Oxygen masks for pets donated to Lisle-Woodridge fire district

  • Benny is fitted with a pet oxygen mask Wednesday at the Lisle-Woodridge Fire District in Lisle.

      Benny is fitted with a pet oxygen mask Wednesday at the Lisle-Woodridge Fire District in Lisle. Brian Hill | Staff Photographer

  • Invisible Fence has donated lifesaving pet oxygen masks to the Lisle-Woodridge Fire District. The donation was made by Invisible Fence of Chicagoland in support of the company's Project Breathe Program.

      Invisible Fence has donated lifesaving pet oxygen masks to the Lisle-Woodridge Fire District. The donation was made by Invisible Fence of Chicagoland in support of the company's Project Breathe Program. Brian Hill | Staff Photographer

  • Lisle-Woodridge Fire District Chief Keith Krestan holds his dog Daisy Duke during a training session Wednesday to learn how to use oxygen masks for pets. Invisible Fence donated pet oxygen masks to the department in support of the company's Project Breathe Program.

      Lisle-Woodridge Fire District Chief Keith Krestan holds his dog Daisy Duke during a training session Wednesday to learn how to use oxygen masks for pets. Invisible Fence donated pet oxygen masks to the department in support of the company's Project Breathe Program. Brian Hill | Staff Photographer

  • Firefighters listen during a training session Wednesday to learn how to use oxygen masks for pets.

      Firefighters listen during a training session Wednesday to learn how to use oxygen masks for pets. Brian Hill | Staff Photographer

  • Five recovery kits have been donated to the Lisle-Woodridge Fire District. Each contains three pet oxygen masks in small, medium and large sizes.

      Five recovery kits have been donated to the Lisle-Woodridge Fire District. Each contains three pet oxygen masks in small, medium and large sizes. Brian Hill | Staff Photographer

 
 
Updated 11/14/2018 4:02 PM

There's always a chance people aren't home when a fire breaks out in their house or apartment.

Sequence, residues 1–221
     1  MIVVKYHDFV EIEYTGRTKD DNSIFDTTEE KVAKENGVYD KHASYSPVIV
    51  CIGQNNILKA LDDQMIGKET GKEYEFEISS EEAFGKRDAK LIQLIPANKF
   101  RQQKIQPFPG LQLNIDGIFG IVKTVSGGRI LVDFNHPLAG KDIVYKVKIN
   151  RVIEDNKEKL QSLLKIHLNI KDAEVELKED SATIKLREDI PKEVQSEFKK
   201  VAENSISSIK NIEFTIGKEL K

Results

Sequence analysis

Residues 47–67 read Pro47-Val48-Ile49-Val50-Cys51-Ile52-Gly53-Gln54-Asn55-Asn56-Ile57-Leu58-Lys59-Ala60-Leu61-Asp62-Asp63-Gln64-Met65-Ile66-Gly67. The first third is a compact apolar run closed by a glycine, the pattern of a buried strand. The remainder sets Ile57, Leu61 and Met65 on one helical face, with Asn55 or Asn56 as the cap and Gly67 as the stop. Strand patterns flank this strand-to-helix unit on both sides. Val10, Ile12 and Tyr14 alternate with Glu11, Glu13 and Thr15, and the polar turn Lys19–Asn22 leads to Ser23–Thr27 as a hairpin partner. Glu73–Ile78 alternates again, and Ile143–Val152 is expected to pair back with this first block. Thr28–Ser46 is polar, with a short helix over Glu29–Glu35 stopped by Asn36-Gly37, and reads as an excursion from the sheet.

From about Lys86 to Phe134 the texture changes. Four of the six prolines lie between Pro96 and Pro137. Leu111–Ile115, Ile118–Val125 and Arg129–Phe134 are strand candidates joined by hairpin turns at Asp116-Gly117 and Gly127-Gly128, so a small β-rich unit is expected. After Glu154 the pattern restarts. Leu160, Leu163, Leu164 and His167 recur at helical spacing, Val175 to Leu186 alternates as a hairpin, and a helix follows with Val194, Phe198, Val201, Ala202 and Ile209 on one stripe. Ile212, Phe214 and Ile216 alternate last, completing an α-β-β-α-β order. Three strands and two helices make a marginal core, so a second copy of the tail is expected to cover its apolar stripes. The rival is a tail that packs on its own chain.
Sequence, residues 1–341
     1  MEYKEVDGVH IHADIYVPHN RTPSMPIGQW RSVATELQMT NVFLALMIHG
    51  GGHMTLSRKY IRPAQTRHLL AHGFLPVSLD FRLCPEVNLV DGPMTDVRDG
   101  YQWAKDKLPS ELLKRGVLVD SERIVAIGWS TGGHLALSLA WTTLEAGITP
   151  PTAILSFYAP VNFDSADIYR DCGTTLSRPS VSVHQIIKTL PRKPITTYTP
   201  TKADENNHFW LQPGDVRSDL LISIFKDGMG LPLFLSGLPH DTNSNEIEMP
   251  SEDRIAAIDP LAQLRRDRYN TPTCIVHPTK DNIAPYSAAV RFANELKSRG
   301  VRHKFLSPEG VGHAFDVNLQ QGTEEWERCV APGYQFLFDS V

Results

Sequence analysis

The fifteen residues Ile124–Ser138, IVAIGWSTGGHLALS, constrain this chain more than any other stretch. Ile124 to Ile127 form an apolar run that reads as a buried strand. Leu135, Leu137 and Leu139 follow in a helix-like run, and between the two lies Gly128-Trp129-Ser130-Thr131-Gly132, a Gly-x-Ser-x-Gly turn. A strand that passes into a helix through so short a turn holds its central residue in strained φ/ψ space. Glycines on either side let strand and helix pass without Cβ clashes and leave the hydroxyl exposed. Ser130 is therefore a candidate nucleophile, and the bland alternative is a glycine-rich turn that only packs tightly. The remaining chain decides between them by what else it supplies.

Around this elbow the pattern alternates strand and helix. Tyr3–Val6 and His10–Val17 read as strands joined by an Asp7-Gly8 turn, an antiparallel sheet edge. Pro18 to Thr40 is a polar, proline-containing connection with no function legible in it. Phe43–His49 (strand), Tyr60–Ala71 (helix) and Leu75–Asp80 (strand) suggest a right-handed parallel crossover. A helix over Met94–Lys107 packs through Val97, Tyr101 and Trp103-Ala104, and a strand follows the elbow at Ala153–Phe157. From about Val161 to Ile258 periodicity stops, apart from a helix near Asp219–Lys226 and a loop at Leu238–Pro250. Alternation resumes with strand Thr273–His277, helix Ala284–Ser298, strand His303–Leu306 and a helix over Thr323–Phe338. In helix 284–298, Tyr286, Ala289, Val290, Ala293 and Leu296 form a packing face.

Unfortunately, the same can't be said for their pets.

                                                                                                                                                                                                                       
 

Lisle-Woodridge Fire District Chief Keith Krestan said it's common for firefighters to find cats, dogs and other animals inside burning homes because of the number of people who have pets.

"Pets are part of families," Krestan said.

And just like humans, those animals can succumb to smoke inhalation. So if furry family members are rescued from a blaze, they often need immediate oxygen.

"Oxygen is the best drug you can give to anybody that's having any sort of breathing problems," Krestan said.

To help Lisle-Woodridge firefighters efficiently administer oxygen to stricken animals, Invisible Fence Brand has donated oxygen masks for pets to the fire protection district.

Five recovery kits were given to the district's headquarters in downtown Lisle and each kit contains three pet oxygen masks in small, medium and large sizes.

by signing up you agree to our terms of service
                                                                                                                                                                                                                       
 

Christina Landwehr, the general manager of Invisible Fence of Chicagoland, met with a group of firefighters Wednesday to demonstrate how the masks are used. She was joined by Dr. Mondrian Contreras from Carol Stream Animal Hospital.

"We're donating these with the hope that you never have to use them," Landwehr told the firefighters. "But they're meant to make your jobs a little bit easier."

Landwehr brought her own dog -- a 4-year-old Welsh terrier named Benny -- for the demonstration. Before things got started, Benny was the center of attention along with Blue, a 10-week-old Labrador/husky mix, and Krestan's dog Daisy Duke.

While there is no official statistic, it's estimated that more than 40,000 pets die in fires each year, most succumbing to smoke inhalation.

Landwehr said the pet oxygen masks can be used to treat animals of all sizes.

                                                                                                                                                                                                                       
 

"We've had a fire department rescue a gerbil before," she said. "Whatever animal needs some oxygen, these masks make it a lot easier to provide that."

The donation was made in support of Invisible Fence's Project Breathe Program. Since the effort started in 2006, more than 24,000 masks have been donated to fire departments.

A community member nominated Lisle-Woodridge to receive the free kits. The district received one for each of its fire stations.

"This equipment will be on vehicles coming out of every station," Deputy Chief Steve Demas said. "Pets are important to people. So we want to make sure we have the appropriate equipment to treat those parts of their family."

0 Comments
                                                                                                                                                                                                                       
 
Article Comments ()
Guidelines: Keep it civil and on topic; no profanity, vulgarity, slurs or personal attacks. People who harass others or joke about tragedies will be blocked. If a comment violates these standards or our terms of service, click the X in the upper right corner of the comment box. To find our more, read our FAQ.